The Education Ministry is focussing on keeping schools open all seven days of the week to catch up with the lost opportunities in education in the aftermath of the Covid 19 pandemic, Education Minister Dulles Alahapperuma said yesterday.
Minister Alahapperuma added however that teachers or students must not attend classes on all seven days as classes would be conducted in small groups.
“We are contemplating a system where it is sufficient if teachers and students attend school only four days a week and teaching in classes can be arranged in a pre-planned mechanism with the final target of completing the syllabus. In the new system, it is required to rearrange a class with over 30 students into a minimum of two groups to prevent large concentration of students,” Minister Alahapperuma stressed.
Minister Alahapperuma said there are 1,486 schools with less than 50 students, 1,560 schools with less than 100 students, 1,138 schools with less than150 students, 977 schools with less than 200 students, 2,690 schools with less than 500 students and 1,375 schools with less than 1,000 students and added it won’t be a big task to run these schools under the new system.
“It will not be easy for about 868 schools with over 1,000 students to adapt to the new mechanism but we have to do it because our top priority is the safety and welfare of nearly 4.5 million students and approximately 300,000 teachers,” Minister Alahapperuma emphasized.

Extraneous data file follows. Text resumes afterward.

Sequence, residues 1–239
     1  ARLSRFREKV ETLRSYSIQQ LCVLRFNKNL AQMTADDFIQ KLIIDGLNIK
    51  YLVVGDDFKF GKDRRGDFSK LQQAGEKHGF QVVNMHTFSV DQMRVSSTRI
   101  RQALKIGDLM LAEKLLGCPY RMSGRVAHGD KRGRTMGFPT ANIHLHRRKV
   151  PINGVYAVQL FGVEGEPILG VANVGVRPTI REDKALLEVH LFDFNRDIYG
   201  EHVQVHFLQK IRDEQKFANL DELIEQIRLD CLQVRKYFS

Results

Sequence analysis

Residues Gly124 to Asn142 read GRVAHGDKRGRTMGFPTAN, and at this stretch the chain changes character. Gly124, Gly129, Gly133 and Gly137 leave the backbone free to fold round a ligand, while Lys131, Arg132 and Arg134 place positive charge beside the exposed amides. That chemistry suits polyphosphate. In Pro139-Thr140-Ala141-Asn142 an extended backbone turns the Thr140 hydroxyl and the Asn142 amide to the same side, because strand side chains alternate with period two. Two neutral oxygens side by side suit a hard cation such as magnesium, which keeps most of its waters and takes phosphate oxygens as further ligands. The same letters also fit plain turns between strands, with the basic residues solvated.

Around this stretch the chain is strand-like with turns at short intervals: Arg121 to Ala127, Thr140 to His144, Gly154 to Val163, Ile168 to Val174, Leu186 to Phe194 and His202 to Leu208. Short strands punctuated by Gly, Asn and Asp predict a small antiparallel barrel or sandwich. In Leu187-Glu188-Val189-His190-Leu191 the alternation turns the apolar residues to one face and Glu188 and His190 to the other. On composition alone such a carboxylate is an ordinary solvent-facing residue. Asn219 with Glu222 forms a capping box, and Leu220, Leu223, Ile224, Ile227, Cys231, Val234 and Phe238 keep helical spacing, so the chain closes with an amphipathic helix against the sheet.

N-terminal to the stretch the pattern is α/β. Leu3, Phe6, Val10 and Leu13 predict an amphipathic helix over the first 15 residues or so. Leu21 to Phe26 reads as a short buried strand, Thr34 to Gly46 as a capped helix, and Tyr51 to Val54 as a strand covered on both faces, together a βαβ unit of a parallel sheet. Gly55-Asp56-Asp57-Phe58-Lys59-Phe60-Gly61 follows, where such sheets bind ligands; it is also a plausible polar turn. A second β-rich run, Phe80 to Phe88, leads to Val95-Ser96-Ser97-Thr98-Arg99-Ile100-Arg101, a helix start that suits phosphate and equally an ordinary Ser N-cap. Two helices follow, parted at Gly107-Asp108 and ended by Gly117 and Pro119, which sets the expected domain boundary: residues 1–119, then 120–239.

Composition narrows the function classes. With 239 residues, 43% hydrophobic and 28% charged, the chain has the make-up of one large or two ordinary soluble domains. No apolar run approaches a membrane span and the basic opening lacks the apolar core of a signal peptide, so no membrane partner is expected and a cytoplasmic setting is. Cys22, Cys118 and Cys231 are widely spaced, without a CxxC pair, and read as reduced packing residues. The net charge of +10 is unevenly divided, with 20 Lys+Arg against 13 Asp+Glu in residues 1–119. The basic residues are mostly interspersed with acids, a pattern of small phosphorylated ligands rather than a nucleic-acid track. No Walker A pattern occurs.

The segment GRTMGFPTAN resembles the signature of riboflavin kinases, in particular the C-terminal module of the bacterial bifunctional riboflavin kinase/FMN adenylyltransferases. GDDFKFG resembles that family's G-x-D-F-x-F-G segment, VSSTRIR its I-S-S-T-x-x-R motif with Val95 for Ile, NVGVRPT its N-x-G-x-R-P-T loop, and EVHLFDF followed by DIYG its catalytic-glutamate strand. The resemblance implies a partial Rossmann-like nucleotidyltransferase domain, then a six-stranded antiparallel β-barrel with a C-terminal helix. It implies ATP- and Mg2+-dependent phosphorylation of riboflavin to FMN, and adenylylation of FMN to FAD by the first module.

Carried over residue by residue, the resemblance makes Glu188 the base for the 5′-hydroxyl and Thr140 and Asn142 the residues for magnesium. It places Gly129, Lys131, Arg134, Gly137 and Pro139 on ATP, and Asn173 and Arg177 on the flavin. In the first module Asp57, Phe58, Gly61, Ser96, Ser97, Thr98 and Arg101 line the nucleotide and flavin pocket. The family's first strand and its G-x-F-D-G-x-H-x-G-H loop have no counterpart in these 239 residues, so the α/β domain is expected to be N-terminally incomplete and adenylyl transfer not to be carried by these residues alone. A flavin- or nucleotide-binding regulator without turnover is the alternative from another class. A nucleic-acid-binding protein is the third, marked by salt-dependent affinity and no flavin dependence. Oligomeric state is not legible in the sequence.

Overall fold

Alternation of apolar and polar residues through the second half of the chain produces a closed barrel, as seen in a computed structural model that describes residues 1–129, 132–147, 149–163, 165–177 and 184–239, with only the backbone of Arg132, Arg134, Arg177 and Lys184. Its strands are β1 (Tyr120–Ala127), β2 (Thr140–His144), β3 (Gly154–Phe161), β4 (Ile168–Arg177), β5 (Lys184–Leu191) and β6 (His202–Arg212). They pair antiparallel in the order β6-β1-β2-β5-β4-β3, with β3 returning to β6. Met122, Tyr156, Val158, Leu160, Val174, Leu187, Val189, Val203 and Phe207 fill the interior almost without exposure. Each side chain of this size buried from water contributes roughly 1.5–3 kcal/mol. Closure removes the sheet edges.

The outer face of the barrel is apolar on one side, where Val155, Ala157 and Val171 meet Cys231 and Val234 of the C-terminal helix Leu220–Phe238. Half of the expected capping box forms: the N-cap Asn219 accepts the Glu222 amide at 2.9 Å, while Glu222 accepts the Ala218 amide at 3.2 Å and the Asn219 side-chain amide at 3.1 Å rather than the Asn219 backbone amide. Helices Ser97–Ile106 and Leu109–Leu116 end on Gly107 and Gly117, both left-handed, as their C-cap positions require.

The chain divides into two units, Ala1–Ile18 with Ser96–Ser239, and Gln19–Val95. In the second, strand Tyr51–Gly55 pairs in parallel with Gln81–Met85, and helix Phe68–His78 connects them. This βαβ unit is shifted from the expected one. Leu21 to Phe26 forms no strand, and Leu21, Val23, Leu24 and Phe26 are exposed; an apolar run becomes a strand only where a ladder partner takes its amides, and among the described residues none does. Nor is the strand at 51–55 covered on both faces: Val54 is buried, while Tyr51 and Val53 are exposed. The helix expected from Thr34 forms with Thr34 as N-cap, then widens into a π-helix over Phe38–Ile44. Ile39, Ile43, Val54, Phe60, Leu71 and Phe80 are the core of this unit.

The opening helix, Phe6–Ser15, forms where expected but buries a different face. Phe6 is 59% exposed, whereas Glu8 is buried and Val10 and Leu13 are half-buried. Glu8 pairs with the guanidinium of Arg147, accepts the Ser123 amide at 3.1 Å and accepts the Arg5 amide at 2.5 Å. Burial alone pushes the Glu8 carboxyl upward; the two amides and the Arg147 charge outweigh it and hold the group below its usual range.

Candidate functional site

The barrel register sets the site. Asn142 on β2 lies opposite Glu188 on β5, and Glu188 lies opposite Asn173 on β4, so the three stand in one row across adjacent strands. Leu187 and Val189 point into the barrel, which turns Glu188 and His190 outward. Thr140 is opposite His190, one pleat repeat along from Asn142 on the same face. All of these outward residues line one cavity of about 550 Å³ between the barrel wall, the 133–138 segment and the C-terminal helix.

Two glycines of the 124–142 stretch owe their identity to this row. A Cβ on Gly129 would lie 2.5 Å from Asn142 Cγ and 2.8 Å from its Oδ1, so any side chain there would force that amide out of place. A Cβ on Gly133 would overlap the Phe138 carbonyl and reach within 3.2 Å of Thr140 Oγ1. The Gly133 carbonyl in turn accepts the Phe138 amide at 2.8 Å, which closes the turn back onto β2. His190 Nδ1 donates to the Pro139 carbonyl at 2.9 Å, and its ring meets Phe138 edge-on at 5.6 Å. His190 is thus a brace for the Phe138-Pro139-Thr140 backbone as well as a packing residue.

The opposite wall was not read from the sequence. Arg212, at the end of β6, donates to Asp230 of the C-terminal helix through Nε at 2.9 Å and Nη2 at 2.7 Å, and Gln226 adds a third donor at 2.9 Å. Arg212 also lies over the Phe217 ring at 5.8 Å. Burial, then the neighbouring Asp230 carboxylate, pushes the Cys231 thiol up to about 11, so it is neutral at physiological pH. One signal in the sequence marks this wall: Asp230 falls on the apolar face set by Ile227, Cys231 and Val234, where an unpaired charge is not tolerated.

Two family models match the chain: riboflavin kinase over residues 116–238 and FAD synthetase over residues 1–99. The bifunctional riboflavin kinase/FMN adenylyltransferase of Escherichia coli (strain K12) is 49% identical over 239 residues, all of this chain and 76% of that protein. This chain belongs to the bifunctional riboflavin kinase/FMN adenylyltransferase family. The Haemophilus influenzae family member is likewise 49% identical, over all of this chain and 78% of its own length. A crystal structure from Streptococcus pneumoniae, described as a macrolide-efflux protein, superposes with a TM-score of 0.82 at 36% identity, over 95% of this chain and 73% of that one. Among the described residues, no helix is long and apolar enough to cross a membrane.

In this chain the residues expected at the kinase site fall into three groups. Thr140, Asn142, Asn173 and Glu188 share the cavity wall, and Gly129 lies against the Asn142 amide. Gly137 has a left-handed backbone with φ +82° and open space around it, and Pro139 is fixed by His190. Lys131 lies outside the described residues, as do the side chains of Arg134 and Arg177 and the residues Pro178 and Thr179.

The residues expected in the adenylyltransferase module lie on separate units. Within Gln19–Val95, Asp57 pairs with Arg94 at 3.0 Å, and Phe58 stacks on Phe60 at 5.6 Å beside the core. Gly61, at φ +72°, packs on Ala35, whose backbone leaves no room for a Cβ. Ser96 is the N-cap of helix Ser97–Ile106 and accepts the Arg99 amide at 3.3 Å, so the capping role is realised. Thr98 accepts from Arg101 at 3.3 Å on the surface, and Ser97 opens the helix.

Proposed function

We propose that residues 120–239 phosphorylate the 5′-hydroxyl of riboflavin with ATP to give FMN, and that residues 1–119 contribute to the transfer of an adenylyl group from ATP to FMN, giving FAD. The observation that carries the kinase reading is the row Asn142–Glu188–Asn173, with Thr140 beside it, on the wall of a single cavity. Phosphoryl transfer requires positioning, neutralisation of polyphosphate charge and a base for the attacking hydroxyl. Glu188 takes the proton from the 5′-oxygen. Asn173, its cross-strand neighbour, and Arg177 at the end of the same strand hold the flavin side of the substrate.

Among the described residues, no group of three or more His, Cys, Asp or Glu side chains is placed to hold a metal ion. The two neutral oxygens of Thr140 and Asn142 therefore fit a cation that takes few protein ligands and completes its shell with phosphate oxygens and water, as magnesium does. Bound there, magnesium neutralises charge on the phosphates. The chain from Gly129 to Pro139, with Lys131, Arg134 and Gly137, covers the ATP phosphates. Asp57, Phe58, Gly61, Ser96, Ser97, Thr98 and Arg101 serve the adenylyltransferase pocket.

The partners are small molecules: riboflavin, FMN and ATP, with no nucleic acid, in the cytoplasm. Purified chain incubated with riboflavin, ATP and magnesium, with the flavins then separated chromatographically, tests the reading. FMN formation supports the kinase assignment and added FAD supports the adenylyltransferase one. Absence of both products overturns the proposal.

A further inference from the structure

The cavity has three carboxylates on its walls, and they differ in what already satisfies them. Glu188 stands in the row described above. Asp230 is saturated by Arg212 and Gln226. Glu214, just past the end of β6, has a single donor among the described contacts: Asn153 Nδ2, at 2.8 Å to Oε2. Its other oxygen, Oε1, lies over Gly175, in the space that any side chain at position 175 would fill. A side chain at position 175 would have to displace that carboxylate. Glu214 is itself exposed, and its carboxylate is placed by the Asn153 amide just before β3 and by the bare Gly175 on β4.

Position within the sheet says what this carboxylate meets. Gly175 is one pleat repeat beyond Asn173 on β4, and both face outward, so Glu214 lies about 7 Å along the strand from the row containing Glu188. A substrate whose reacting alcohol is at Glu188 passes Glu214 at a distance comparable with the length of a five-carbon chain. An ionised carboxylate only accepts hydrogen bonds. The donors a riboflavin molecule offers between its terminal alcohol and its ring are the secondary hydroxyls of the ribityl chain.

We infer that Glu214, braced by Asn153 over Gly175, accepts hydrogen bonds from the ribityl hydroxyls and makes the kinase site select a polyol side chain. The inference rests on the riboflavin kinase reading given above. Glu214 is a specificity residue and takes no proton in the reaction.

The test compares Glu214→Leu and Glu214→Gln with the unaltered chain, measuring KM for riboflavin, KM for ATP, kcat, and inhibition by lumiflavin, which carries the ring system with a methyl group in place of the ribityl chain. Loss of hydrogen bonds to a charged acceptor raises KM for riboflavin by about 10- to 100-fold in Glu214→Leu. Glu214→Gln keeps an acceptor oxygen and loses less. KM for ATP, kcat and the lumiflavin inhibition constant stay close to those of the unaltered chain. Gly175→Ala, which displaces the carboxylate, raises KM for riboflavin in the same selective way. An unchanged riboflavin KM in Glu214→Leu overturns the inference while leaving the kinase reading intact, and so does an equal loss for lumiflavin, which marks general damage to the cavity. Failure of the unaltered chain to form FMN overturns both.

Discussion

Before the formal opening of schools after the country returns to normalcy with curfew lifted island wide, all 10,194 schools will be disinfected before the non academic staff, teachers and the Principal come to the school and make preliminary arrangements to open the school. After the schools are fully safe and ready to start academic activities, classes will be conducted for GCE A/L students, then GCE O/L students and finally for junior classes, Minister Alahapperuma told the Daily Mirror.
Minister Alahapperuma said school intervals will also be given on a staggered basis at different times for primary junior and senior students to prevent a large convergence of students in the school premises.
“The national school system has lost a total of 276 school hours by yesterday due to the curfew imposed since March 20. We must find a solution to the issue on how to replenish lost lessons and complete the syllabus. There are some lessons in the subjects of science and math for GCE O/L and A/L students we cannot leave out under any circumstances,” he added.
Minister Alahapperuma said a team of top officials of the Education Ministry led by Secretary L.H.M.Chitrananda were having an interaction with provincial education authorities this week to get their ideas on the reopening of schools.(Sandun A Jayasekera)